2021 Median Home Prices In Little Rock

Is now a good time to buy real estate in Little Rock? The median home value in the Little Rock real estate market is $161,946, according to Zillow’s Home Value Index. Despite benefiting from nearly a decade’s worth of appreciation, however, median home values in Little Rock are considerably lower than the national average. At $281,370, the median home value in the United States is approximately $119,424 more than the median home value in Little Rock.

The disparity in price becomes more apparent over the course of the last decade. Real estate in Little Rock has appreciated at a modest rate of 18.2% since the market bottomed out in January 2012. Over the same period of time, the median home value in the United States appreciated at a rate of 73.2%. In the last year (alone), median home values across the United States increased nearly four times more than in Little Rock—11.6% and 2.6%, respectively. Not surprisingly, the trend looks like it’ll continue into next year.

Select neighborhoods across the city have contributed more to Little Rock’s appreciation rates than others, however. For two decades, these are the Little Rock neighborhoods that have appreciated the most (according to NeighborhoodScout):

  • City Center

  • E 9th St / College St

  • Pulaski / Pulaski Heights

  • U of Arkansas for Medical Sciences / W Markham St

  • Ampersand St / N Pierce St

  • E Roosevelt Rd / Bond Ave

  • Lee Ave / N Van Buren St

  • Hot Springs Junction

  • Philander Smith College / W 16th St

  • S Battery St / W Roosevelt Rd

Little Rock real estate trends haven’t been able to keep up with the rest of the country, but that’s not necessarily a bad thing for local investors. In fact, while many cities across the country have priced prospective buyers out of the market, the city remains incredibly affordable. The city’s low cost of living should actually stimulate more housing activity, which bodes well for local investors.

Little Rock Real Estate Market:2020 Summary

  • Median Home Value: $141,500

  • 1-Year Appreciation Rate: +1.4%

  • Median Home Value (1-Year Forecast): +0.8%

  • Average Days On Market: 76

  • Median Rent Price: $995

  • Price-To-Rent Ratio: 11.85

  • Unemployment Rate: 3.1% (latest estimate by the Bureau Of Labor Statistics)

  • Population: 197,881 (latest estimate by the U.S. Census Bureau)

  • Median Household Income: $49,957 (latest estimate by the U.S. Census Bureau)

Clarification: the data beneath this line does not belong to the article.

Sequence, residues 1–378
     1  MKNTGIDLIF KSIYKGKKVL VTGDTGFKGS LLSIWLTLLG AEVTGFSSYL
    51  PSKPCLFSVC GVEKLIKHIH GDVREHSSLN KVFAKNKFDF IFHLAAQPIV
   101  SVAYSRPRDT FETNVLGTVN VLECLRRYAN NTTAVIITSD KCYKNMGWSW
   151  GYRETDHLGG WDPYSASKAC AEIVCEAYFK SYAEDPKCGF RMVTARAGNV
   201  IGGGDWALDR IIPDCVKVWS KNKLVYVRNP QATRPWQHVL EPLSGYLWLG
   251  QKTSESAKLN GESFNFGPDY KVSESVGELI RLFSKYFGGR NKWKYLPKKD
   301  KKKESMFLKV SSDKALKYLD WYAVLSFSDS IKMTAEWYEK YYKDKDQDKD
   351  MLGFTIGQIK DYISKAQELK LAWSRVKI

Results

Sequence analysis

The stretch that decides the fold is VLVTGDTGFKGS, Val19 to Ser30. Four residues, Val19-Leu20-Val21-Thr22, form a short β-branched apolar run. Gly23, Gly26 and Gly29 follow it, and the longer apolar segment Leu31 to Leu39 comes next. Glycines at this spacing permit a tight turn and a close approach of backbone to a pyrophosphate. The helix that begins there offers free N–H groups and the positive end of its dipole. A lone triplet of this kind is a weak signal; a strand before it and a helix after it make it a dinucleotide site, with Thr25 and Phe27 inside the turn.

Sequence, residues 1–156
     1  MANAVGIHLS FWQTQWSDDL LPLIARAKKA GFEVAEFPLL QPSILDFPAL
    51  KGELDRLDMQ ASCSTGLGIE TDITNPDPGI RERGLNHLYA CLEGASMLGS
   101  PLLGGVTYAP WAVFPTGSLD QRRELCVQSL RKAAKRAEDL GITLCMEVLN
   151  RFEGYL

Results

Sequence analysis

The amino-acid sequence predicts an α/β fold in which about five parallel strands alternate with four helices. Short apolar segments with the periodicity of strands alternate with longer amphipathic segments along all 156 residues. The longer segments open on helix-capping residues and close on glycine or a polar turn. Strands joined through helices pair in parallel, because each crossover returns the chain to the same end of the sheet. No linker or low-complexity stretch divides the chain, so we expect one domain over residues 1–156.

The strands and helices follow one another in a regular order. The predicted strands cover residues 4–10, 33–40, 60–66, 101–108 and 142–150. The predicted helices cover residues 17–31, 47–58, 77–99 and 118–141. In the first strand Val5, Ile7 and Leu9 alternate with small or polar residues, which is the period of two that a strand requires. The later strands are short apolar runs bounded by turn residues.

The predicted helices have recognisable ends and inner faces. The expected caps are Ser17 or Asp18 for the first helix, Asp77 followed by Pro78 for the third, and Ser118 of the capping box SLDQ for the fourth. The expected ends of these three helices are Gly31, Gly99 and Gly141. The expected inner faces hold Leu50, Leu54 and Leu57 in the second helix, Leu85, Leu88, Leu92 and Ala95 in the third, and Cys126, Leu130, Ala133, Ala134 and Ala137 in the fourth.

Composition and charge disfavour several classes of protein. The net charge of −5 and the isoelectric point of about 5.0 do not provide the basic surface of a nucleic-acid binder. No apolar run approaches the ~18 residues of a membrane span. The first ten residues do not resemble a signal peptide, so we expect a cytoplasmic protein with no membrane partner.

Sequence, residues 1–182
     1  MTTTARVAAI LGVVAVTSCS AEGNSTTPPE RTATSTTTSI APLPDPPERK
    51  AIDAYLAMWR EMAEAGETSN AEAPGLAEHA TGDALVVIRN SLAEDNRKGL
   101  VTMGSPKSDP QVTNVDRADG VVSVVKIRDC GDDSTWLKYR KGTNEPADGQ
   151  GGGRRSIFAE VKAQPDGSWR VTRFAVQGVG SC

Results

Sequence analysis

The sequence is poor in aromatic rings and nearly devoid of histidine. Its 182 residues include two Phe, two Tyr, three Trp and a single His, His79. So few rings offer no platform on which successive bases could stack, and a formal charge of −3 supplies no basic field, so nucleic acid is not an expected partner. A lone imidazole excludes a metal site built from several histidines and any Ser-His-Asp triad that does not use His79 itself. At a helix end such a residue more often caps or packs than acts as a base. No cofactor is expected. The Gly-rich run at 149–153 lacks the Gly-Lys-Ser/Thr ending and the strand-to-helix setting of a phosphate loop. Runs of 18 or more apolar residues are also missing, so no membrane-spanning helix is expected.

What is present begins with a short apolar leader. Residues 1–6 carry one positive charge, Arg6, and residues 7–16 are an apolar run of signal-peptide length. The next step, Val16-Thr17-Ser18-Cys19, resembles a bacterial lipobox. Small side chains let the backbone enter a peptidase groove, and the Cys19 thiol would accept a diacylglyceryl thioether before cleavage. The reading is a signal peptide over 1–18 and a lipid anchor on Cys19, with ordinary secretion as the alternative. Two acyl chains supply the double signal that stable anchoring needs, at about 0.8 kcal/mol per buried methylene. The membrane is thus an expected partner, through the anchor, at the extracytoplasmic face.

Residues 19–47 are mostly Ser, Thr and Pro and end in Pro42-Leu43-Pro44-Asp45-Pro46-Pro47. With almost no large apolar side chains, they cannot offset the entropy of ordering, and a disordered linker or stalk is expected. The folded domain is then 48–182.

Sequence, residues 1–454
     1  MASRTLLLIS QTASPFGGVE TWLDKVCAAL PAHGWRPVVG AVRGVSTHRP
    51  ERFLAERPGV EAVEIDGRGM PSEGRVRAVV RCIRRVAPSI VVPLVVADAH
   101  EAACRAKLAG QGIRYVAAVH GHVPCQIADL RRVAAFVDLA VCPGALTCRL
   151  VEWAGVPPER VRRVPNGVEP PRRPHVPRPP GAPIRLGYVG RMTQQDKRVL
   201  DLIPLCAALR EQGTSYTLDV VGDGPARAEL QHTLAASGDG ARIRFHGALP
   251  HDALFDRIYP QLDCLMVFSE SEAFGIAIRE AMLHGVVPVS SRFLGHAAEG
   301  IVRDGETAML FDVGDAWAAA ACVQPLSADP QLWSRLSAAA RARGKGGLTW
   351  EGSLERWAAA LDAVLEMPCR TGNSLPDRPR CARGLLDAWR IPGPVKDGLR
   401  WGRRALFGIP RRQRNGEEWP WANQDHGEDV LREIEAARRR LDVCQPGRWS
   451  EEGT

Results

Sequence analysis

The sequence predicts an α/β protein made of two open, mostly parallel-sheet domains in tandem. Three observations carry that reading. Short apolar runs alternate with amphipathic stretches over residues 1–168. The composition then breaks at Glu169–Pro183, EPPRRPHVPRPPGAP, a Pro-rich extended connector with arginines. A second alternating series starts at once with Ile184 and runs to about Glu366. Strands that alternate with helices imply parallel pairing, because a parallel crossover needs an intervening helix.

• Percentage Of Vacant Homes: 11.77

  • Foreclosure Rate: 1 in every 1,462 (6.8%)

Little Rock Real Estate Investing 2020

Little Rock real estate market trends took a significant turn in the first quarter of 2020. Not unlike everywhere else, the introduction of the Coronavirus interrupted what was looking to be a great year for local real estate. In a matter of weeks, fear and uncertainty onset by the pandemic completely derailed all of the momentum created in previous years. Little Rock immediately saw a decline in activity once the impact of COVID-19 was felt. Sellers took their listings off the market, buyers refused to even look at new homes, and mortgage underwriters were unavailable due to government-mandated “stay-at-home” orders.

The pandemic forced the Little Rock real estate market to take a step backward, but not for long. As soon as the market was brought to a standstill, the Fed dropped interest rates well below three percent. The move sparked more activity than anyone could have imagined, and buyers came out in droves to capitalize on attractive borrowing costs. The influx of buyers was too much for local inventory levels to handle, and demand quickly turned into competition. Lacking supply, sellers in the market held all the power, and they priced their assets accordingly. From March (when the Fed increased rates) through the end of the year, the median home value in Little Rock increased 2.5%. Not much in its own, 2020’s rate of appreciation was in addition to eight consecutive years of price growth, which helped local real estate values test new highs each month.

All things considered, real estate became more expensive than ever in Little Rock. As a result, real estate investors were forced to rethink their exit strategies. Wheres rehabbing had been the most popular exit strategy since the Great Recession, higher home prices all but eliminated attractive price margins. To combat higher home prices, investors started taking a long-term approach. In particular, most investors turned to rental properties. Historically low borrowing costs allowed investors to increase monthly cash flow from operations. At the same time, interest rates made it easier to justify higher acquisition costs.

When all was said and done, Little Rock had affordable inventory for rehabbers in 2020. Still, the new market indicators created by the pandemic made long-term investment strategies more attractive than ever.

Little Rock Real Estate Market:2016 Summary

  • Current Median Home Price: $140,700

  • 1-Year Appreciation Rate: 0.8%

  • 3-Year Appreciation Rate: -2.4%

  • Unemployment Rate: 3.7%

  • 1-Year Job Growth Rate: 2.3%

  • Population: 197,357

  • Median Household Income: $46,409

Little Rock Real Estate Investing 2016